Self and Margaret Atwood’s “The Writer”

As I make my way through Margaret Atwood’s On Writers and Writing, something grabbed my attention that I’ve seen in previous works on mindfulness. The idea of self plays an important role in mindfulness while Margaret Atwood plays on this idea with the disassociation between writer and writing. It is a duality we begin to identify in mindfulness practice yet translates to the practice of writing and the writer as well. Margaret Atwood identifies this dual persona “the writer”:

“What is the relationship between the two entities we lump under one name, that of “the writer”? The particular writer. By two, I mean the person who exists when no writing going forward – the one who walks the dog, eats bran for regularity, takes the car in to be washed, and so forth – and that other, more shadowy and altogether more equivocal personage who shares the same body, and who, when no one is looking takes it over and uses it to commit the actual writing.”

As I read deeper into the discussion it occurred to me that this in essence being present while writing. The act of observing our self in mindfulness involves recognizing thoughts and emotions as they arise and objectively viewing them rather than allowing them to trigger further emotions one way or the other. Yet, while those emotions are happening we are tied to the self in such a way that we only recognize the thoughts after the fact. The emotions are happening yet we are not the emotions. The thoughts are happening yet we are not the thoughts. So as Margaret has identified, the writer is present in the moment unable to separate themselves from the other persona.

Margaret goes on to reference Alice in Wonderland’s own passage through worlds as a metaphor to this duality:

“…because Alice is not the writer of the story about her. Nevertheless, here is my best guess, about writers and their elusive doubles, and the question of who does what as far as the actual writing goes. The act of writing takes place at the moment when Alice passes through the mirror. At this one instant, the glass barrier between the doubles dissolves, and Alice is neither here nor there, neither art nor life, neither the one thing nor the other, though at the same time she is all of these at once. At that moment time itself stops, and also stretches out, and both writer and reader have all the time not in the world.”

I’m reminded of Shunryu Suzuki’s Zen Mind, Beginner’s Mind as he begins discussing the process of breathing with reference to “I”.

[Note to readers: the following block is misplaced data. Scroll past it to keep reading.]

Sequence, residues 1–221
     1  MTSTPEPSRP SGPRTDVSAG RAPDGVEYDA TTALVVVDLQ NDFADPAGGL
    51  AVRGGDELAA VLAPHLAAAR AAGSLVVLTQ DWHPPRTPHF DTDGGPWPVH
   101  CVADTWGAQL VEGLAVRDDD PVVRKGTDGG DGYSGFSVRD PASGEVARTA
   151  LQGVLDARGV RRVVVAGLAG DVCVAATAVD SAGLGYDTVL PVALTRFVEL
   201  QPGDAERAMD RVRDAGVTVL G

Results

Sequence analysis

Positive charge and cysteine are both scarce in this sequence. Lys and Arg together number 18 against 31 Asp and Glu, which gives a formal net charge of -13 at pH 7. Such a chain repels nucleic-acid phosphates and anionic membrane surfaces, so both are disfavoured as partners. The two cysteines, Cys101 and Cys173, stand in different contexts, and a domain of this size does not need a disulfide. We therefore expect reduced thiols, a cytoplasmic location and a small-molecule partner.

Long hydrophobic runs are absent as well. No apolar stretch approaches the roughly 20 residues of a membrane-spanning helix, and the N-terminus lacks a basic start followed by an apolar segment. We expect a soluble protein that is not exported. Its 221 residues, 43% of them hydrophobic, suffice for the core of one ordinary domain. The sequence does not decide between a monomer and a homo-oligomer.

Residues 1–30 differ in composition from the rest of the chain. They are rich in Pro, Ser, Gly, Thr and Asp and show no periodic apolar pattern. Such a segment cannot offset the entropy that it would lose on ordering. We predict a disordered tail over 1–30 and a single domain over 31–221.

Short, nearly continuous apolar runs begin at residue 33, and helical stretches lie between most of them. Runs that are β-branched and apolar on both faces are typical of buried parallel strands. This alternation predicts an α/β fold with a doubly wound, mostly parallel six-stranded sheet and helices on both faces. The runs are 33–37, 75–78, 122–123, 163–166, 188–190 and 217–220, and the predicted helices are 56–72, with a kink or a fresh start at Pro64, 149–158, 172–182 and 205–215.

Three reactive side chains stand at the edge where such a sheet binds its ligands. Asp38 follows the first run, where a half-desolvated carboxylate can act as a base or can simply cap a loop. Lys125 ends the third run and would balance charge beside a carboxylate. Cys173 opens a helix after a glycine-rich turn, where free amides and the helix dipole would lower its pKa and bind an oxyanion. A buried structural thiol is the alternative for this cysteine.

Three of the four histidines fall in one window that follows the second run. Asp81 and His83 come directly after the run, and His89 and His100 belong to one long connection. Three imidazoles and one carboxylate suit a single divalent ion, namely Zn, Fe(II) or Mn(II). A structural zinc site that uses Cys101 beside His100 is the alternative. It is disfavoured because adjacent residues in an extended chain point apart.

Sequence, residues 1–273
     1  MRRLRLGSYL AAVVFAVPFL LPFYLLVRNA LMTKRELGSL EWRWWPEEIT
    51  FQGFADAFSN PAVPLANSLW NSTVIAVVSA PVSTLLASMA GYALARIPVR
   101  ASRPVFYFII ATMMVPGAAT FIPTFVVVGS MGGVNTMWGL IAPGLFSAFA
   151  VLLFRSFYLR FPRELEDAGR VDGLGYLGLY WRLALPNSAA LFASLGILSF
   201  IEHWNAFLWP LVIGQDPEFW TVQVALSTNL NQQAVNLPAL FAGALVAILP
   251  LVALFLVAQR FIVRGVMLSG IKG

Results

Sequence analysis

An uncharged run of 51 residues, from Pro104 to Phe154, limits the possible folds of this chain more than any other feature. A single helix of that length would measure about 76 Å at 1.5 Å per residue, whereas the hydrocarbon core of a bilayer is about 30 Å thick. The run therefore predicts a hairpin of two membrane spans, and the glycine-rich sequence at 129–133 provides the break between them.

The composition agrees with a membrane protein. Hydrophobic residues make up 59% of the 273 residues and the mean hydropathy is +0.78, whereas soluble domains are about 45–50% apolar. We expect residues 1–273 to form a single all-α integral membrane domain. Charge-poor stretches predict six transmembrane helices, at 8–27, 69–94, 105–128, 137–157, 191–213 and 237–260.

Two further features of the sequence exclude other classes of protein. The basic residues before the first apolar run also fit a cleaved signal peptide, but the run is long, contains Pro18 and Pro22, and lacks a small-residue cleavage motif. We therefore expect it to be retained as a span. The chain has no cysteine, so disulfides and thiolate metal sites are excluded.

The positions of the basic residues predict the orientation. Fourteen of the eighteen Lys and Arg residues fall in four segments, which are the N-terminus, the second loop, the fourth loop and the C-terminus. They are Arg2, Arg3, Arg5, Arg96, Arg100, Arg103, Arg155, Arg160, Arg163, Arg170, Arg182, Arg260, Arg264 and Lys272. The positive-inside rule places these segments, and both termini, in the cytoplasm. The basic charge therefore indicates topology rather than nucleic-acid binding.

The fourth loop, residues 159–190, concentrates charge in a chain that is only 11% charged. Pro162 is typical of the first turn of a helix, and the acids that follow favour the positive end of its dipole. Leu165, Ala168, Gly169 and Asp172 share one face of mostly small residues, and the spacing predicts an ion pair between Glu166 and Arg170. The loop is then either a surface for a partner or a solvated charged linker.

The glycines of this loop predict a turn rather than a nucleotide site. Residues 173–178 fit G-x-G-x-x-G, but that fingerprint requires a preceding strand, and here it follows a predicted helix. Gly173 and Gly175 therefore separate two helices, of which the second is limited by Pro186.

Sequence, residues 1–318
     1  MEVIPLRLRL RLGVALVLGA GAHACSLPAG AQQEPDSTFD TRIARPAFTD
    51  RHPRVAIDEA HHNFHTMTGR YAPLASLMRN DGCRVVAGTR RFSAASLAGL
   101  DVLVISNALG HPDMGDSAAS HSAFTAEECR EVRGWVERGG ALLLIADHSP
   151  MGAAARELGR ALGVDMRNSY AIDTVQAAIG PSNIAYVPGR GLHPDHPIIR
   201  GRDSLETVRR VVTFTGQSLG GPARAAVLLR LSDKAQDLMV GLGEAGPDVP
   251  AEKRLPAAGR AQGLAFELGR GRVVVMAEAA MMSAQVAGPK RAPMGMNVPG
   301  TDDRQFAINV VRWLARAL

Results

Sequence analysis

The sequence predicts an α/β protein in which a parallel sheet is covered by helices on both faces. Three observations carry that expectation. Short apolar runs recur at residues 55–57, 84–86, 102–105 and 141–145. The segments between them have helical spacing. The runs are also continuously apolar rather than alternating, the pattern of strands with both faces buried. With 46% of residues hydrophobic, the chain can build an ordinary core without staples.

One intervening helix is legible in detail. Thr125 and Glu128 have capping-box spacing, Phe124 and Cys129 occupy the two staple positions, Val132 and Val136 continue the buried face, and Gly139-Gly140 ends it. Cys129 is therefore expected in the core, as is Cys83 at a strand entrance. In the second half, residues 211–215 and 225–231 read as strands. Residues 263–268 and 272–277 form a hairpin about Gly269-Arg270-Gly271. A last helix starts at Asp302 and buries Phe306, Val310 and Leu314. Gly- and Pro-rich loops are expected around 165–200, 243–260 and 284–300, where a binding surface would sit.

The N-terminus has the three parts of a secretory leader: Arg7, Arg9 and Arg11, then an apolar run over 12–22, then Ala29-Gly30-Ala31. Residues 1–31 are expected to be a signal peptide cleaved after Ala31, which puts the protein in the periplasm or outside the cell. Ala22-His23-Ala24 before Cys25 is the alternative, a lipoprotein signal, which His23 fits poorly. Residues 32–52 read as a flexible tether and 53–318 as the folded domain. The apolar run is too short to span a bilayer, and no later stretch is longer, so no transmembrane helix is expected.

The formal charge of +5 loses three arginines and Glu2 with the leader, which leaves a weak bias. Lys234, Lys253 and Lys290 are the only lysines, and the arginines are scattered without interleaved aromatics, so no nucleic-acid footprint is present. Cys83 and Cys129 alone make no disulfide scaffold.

“When your mind is pure and calm enough to follow this movement, there is nothing: no “I,” no world, no mind nor body; just a swinging door. … Our usual understanding of life is dualistic: you and I, this and that, good and bad. But actually these discriminations are themselves the awareness of the universal existence. “You” means to be aware of the universe in the form of you, and “I” means to be aware of it in the form of I. You and I are just swinging doors. This kind of understanding is necessary. This should not even be called understanding; it is actually the true experience of life through Zen practice.”

It was an interesting reference for Atwood to make to the duality of self and as I read it the idea of being present as a writer or anything for that matter jumped out at me. If we are present with the moment while writing we are “the writer” or “I” and unable to observe unless we step out of the moment looking back at what we created. It’s only when we step out of the present moment do these identifies materialize. If we are breathing and following the breath then we are simply the breath until such time as we step out and observe the self breathing.

Writing for such a short time I can’t begin to compare with her experience, yet, recalling my experience while writing I do see this duality existing. Observing myself as a writer and yet while writing there is no distinction. Being present with the emotion as it happen or identifying with the emotion and not being present. As we gain more experience in our own practice we realize that the writer is simply a fixed identify we mustn’t cling too. Writing will unfold as we write regardless of our identity. Perhaps that is why Margaret Atwood is so successful in that while she writes she does not have a fixed identify. She just writes.



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